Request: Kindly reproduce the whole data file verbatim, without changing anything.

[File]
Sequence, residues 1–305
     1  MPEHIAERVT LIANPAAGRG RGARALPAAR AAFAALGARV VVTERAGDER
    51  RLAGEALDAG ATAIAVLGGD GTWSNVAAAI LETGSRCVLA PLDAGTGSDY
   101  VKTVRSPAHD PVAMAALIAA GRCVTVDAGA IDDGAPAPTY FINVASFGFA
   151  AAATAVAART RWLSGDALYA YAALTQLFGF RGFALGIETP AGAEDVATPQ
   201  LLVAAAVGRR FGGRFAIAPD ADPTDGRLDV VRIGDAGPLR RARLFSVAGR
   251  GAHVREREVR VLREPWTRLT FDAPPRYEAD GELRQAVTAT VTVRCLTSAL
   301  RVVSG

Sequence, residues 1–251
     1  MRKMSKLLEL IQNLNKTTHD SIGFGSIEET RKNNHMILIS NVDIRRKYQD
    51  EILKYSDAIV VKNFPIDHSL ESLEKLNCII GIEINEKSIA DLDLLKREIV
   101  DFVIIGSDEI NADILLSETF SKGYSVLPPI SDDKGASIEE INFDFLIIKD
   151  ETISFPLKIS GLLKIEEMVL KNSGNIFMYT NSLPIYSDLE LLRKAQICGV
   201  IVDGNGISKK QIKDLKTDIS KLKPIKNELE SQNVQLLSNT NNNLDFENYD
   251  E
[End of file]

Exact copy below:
Sequence, residues 1–305
     1  MPEHIAERVT LIANPAAGRG RGARALPAAR AAFAALGARV VVTERAGDER
    51  RLAGEALDAG ATAIAVLGGD GTWSNVAAAI LETGSRCVLA PLDAGTGSDY
   101  VKTVRSPAHD PVAMAALIAA GRCVTVDAGA IDDGAPAPTY FINVASFGFA
   151  AAATAVAART RWLSGDALYA YAALTQLFGF RGFALGIETP AGAEDVATPQ
   201  LLVAAAVGRR FGGRFAIAPD ADPTDGRLDV VRIGDAGPLR RARLFSVAGR
   251  GAHVREREVR VLREPWTRLT FDAPPRYEAD GELRQAVTAT VTVRCLTSAL
   301  RVVSG

Sequence, residues 1–251
     1  MRKMSKLLEL IQNLNKTTHD SIGFGSIEET RKNNHMILIS NVDIRRKYQD
    51  EILKYSDAIV VKNFPIDHSL ESLEKLNCII GIEINEKSIA DLDLLKREIV
   101  DFVIIGSDEI NADILLSETF SKGYSVLPPI SDDKGASIEE INFDFLIIKD
   151  ETISFPLKIS GLLKIEEMVL KNSGNIFMYT NSLPIYSDLE LLRKAQICGV
   201  IVDGNGISKK QIKDLKTDIS KLKPIKNELE SQNVQLLSNT NNNLDFENYD
   251  E